Press Release

Kean University Should Quit Costly Legal Attacks and Fix Failing Department

Beleaguered president of New Jersey public college would rather waste taxpayers’ money fighting accreditors than working with them to clean up his mess

For Release: 

Thursday, August 8, 2019

Contact:

Andrew Crook
o: 202-393-8637 | c: 607-280-6603
acrook@aft.org

UNION, N.J.—Kean Federation of Teachers President James Castiglione, AFT New Jersey President Donna M. Chiera and American Federation of Teachers President Randi Weingarten issued the following statements after embattled Kean University President Dawood Farahi threatened to sue evaluators that de-accredited his master’s program in public affairs:

The KFT’s Castiglione said: “Instead of wasting money on legal challenges, Kean University management should address glaring deficiencies by hiring full-time faculty and staff to teach, counsel and eventually help public administration students find employment. Our departments depend on external accreditation within our respective fields to validate that appropriate resources are available so students have what they need to succeed.

“The accreditation process is not typically antagonistic, and threatening legal action instead of taking findings of deficiencies seriously is a counterproductive action. Even faculty in other academic programs with external accreditation will be rightly alarmed about how their accrediting agencies might perceive their programs in light of this ill-conceived action by Kean management.

“This is not how a world-class institution responds to qualified peer review. The university should now focus on doing everything in its power to assist our students being so adversely affected by this loss of accreditation and provide needed resources to all academic departments to ensure that this never happens again to any other department at Kean.”

The AFTNJ’s Chiera said: “New Jersey’s elected legislators and the secretary of higher education should call on Kean management to stop saber-rattling and do their jobs by fixing the systemic problem apparent in the public administration department—they are employing too many managers and too few faculty and counselors who actually work with students.

“If legal action commences, the unaccountable management at Kean would be making yet another in a series of well-publicized mistakes that illustrate a loss of focus on student success and academics. New Jersey should be able to rely on Kean University to cultivate another generation of well-educated public servants in the public administration program. Instead, we are being shortchanged. Our students, families and communities deserve better.”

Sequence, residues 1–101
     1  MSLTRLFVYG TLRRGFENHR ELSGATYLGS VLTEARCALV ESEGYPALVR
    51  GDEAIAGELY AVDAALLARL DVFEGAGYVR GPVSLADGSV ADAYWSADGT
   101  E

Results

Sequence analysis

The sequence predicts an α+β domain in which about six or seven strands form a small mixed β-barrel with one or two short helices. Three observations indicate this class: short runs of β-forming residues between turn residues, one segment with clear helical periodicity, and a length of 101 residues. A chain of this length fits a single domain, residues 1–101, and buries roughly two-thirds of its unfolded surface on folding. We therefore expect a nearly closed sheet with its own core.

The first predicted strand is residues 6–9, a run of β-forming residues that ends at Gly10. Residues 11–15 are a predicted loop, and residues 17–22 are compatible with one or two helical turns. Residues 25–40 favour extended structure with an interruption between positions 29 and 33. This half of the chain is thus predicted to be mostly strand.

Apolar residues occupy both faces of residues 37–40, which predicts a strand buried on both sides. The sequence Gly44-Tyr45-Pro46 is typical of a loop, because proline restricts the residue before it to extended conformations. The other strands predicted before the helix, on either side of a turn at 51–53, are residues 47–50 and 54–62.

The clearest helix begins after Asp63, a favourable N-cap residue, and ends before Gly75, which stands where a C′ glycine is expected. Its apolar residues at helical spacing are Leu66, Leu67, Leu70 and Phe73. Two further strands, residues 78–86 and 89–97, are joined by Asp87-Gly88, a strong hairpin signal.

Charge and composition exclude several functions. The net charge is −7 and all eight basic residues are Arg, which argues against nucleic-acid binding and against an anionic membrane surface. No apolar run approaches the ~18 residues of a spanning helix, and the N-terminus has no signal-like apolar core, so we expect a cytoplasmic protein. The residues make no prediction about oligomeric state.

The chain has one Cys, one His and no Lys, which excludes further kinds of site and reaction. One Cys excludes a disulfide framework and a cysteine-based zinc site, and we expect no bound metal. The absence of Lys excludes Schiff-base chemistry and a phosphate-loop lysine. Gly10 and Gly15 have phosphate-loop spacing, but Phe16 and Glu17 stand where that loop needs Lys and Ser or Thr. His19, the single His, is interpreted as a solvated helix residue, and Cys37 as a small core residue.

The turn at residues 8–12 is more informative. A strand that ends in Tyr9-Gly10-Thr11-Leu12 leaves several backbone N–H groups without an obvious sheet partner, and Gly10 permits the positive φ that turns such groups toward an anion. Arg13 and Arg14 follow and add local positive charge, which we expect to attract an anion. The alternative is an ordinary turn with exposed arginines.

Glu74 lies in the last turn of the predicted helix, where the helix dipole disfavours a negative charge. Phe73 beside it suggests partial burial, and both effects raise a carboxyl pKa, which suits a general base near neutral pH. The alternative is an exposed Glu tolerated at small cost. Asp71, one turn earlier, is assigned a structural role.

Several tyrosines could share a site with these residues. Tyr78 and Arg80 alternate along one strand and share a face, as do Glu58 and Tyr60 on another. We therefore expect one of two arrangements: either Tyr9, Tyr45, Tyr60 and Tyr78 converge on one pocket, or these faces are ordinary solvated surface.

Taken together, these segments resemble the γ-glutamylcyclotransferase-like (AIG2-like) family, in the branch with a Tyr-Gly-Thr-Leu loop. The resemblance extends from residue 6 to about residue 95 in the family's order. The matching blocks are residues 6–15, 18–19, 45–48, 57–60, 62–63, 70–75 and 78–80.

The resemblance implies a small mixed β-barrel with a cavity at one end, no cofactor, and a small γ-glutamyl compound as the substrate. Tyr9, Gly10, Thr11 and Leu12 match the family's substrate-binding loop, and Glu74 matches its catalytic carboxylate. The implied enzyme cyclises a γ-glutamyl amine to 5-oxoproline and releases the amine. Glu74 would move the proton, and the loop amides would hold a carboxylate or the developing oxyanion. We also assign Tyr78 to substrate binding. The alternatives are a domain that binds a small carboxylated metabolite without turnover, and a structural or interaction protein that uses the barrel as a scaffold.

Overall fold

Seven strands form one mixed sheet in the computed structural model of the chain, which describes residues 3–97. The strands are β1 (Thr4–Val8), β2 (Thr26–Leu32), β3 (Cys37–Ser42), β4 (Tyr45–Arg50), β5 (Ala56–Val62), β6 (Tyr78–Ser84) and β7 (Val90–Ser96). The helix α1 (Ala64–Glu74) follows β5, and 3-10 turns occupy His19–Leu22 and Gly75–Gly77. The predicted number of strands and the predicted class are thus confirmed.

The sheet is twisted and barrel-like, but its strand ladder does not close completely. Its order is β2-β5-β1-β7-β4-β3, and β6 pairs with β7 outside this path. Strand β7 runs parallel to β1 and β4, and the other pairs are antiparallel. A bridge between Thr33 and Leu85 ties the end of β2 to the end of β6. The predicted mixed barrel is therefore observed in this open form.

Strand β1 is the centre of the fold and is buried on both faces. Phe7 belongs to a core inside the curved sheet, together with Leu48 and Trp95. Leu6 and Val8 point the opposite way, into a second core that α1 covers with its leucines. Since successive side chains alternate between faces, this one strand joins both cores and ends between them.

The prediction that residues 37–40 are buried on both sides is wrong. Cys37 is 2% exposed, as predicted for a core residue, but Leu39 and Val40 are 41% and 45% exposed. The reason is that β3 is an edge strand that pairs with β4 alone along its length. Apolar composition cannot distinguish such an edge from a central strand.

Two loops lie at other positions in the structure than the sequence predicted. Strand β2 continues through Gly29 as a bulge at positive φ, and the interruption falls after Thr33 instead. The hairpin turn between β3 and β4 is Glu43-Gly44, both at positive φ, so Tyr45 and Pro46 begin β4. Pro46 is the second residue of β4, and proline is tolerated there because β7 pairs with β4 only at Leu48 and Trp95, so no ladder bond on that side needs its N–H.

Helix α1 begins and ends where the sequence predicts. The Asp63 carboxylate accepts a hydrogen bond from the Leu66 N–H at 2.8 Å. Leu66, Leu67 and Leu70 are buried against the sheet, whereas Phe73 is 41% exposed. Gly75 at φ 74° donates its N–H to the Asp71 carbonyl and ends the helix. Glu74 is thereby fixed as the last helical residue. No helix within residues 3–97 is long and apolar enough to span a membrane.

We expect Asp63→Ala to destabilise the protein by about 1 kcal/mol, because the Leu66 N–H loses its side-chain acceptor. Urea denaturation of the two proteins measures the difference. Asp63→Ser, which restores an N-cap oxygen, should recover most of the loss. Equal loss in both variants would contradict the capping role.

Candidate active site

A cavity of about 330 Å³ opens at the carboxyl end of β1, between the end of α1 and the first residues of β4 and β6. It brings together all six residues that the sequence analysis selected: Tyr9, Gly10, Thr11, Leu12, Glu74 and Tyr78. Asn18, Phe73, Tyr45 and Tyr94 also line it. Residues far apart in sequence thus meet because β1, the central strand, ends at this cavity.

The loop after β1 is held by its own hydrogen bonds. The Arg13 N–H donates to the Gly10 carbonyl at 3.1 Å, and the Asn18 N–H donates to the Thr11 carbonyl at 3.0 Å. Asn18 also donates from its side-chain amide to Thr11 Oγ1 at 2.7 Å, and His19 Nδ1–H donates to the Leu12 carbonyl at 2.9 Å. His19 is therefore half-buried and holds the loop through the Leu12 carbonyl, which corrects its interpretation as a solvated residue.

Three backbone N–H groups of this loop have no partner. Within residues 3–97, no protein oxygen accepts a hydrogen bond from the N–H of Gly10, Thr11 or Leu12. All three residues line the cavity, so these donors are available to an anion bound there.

The AFT’s Weingarten said: “How many times can we say I told you so? How many careers and opportunities for a job or career will be denied because the Kean trustees turn a blind eye to Farahi’s corruption, cronyism, bullying and incompetence?

“Rather than work to fix his failing programs, Dawood Farahi prefers to waste public money fighting the accreditors who called him out. Every time he goes to war, Farahi dupes a new generation of students who want to make a difference but instead have their lives derailed, the victims of a slow-motion disaster of their president’s own making. Kean’s MPA students’ dreams of serving the public are now fading away, while university management attacks the symptoms, rather than the causes, of dysfunction.

“Farahi’s disastrous 16-year reign has been ruinous by almost every measure. Multiple programs, in addition to the MPA, have lost their accreditation, and compared with peer institutions, Kean has the lowest graduation rates and the most students in debt. Whole athletics teams have been placed on probation. Instead of taking up arms, Farahi should look in the mirror. And when he comes to his senses, he should quit.”

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The AFT represents 1.7 million pre-K through 12th-grade teachers; paraprofessionals and other school-related personnel; higher education faculty and professional staff; federal, state and local government employees; nurses and healthcare workers; and early childhood educators.